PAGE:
5. Hi Richard,

    Could you explain briefly how the following works in practice? (from slide 33 of the Feb 4 ‘ECB QE’ deck):

    “The government pays interest on its bonds to the central banks and then the central bank return to the government the profits it earn from the interest. This means the bonds have, in effect, been cancelled.”

    At what stage of the process, following the ECB buying a sovereign bond in the market, is the interest earned by the ECB from that bond then returned to that government (as issuer)?

    Much appreciated,

    Regards

    Roland

  6. Nice work Richard. Thank you. Your theory that QE in the EU is actually government “debt cancellation” is quite interesting. Two questions: 1. Does this in any way tie in with the $2.4 trillion of U.S. corporate debt that “disappeared” as discussed by Jeff Snider (i.e., the debt never really existed in the first place, since it was simply an erroneous “plug” number resulting from “miscalibration”)?, and 2. How does the $1.2 trillion of EU debt to be created in 2015-2016 resolve itself on the books of the ECB? Do they just quietly write it off since it really never existed in the first place? If not, how to they unwind the debt without becoming insolvent?

    1. Hi James, Thanks for your questions. On the first one, I don’t think this does tie in with the “disappeared” corporate debt, because the central banks are buying government bonds (not corporate bonds) and, technically, they have not been cancelled. They are still on the Fed’s books as assets.

      Regarding your second question, right now all the central banks are saying that, one day, (one day in the very, very, very distant future) they will sell the bonds they bought back into the market (or, alternatively, take the cash from the government when the bonds mature – which would mean the government would have to borrow that much money from the markets to repay the central bank). If the central banks every did either one of those things, it would suck a lot of money out of the financial markets. It would be super-tightening, just like QE was super-loosening. It would be a terrible blow the the economy. So, I don’t think they will ever do that. Right now, when the bonds it owns mature, the Fed just rolls them over, i.e. buys new ones with the proceeds. So, in reality, that means they don’t mature.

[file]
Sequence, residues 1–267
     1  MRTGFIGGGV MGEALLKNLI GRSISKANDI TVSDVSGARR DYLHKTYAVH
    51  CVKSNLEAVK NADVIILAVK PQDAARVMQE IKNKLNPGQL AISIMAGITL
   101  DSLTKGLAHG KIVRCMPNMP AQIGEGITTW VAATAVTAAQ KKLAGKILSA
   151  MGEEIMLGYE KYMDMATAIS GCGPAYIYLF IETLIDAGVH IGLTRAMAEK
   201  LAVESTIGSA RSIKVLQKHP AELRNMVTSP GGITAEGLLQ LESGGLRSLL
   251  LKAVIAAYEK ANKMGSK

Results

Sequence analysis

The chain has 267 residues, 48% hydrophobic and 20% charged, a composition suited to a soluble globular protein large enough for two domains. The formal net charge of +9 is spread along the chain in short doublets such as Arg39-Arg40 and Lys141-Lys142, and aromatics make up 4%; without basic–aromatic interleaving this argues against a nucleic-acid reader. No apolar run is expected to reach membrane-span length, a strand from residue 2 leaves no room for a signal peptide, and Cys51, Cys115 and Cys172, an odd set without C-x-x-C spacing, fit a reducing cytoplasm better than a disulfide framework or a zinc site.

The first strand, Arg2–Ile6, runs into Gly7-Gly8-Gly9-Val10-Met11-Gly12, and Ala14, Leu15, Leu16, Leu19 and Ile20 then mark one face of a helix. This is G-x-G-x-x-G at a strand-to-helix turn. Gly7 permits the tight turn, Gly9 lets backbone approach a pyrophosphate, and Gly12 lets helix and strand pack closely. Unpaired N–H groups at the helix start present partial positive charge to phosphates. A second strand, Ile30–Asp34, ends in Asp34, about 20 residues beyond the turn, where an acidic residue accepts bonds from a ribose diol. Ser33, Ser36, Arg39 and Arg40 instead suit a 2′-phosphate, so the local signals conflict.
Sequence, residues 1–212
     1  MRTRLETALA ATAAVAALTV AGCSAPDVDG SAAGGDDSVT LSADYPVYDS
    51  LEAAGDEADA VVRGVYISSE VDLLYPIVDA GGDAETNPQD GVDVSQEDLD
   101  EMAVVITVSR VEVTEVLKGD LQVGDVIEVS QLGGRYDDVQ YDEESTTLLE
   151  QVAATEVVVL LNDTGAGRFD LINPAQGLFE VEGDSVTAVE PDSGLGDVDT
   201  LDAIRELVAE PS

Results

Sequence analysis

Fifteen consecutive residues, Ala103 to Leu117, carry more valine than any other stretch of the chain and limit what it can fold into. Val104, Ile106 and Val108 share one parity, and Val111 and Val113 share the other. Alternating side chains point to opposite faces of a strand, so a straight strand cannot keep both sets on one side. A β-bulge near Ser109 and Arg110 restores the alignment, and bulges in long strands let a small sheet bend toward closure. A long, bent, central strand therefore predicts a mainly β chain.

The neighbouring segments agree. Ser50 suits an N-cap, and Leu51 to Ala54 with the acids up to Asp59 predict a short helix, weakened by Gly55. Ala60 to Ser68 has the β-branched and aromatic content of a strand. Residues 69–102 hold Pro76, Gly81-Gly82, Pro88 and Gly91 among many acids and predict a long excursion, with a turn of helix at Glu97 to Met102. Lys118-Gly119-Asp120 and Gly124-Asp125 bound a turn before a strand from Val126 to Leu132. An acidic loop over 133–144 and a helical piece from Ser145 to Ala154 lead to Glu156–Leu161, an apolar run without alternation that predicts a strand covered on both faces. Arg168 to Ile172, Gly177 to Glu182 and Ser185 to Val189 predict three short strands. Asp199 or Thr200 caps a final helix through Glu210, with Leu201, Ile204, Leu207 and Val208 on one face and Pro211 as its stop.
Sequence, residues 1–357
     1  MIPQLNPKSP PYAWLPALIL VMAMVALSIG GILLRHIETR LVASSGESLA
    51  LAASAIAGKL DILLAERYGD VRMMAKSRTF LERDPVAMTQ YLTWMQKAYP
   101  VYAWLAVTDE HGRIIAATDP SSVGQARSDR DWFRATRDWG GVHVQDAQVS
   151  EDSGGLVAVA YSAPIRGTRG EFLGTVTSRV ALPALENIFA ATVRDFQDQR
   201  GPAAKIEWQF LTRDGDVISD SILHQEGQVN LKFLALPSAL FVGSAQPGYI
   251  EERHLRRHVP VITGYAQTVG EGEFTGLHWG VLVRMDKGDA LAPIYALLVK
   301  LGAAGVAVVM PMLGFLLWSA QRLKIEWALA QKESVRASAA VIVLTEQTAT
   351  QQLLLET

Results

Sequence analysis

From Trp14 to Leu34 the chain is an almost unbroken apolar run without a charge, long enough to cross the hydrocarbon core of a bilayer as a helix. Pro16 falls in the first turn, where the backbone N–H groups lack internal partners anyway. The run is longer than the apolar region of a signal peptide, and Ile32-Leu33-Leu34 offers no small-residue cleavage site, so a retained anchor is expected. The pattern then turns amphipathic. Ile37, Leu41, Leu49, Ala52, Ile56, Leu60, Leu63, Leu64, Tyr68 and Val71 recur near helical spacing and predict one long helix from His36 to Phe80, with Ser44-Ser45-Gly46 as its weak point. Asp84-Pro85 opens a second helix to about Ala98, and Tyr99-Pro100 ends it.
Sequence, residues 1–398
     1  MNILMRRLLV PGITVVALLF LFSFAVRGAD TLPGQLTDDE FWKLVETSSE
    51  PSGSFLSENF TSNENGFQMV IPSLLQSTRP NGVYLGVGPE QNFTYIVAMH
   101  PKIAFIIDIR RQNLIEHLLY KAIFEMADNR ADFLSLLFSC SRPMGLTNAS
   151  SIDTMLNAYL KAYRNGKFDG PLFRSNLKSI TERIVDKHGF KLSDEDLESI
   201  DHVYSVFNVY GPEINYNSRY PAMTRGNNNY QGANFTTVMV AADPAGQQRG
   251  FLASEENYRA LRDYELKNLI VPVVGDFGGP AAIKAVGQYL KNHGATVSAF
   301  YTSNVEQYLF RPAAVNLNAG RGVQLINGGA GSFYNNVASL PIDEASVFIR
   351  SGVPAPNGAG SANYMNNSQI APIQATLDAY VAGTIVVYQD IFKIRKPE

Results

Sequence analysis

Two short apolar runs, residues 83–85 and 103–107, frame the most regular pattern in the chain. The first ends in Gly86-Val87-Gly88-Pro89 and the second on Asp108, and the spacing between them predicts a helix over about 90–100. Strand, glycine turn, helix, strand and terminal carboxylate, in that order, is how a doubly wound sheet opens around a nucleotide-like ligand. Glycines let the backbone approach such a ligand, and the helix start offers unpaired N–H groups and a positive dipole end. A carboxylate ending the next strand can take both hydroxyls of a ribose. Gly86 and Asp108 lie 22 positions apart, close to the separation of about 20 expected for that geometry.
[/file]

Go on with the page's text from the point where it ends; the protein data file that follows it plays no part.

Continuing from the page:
Regarding insolvency, these days I don’t think it matters if a central bank becomes insolvent or not. If it does, it can just print as much money as it wants and recapitalise itself.

      Best, Richard

  7. Richard can correct me but I don’t believe QE cancels the debt. All the interest income is transferred back to the Central Govt but the principal must be repaid. So it’s like an interest free loan. As bonds mature the Government must pay the principal on the bond back to the Central Bank. But if the Central Bank takes the proceeds from the maturing debt to buy more debt and continues to do that every time bonds mature, then they have defacto canceled the debt. That may be what reaching is talking about.

    To get out of this price deflation and debt deflation spiral the Government needs to cut taxes, increase spending or both. If it cuts taxes, consumers will be able to increase spending and pay down their debt. If the Government increases spending (ideally on investments into the economy), that too will pump money into the economy. This will result in the Government debt expanding but as Richard has outlined, the Debt can be defacto canceled by the QE of the Central Bank. As long as this is not significantly inflationary, this should be done. We currently have a unique opportunity to make massive investments without causing inflation.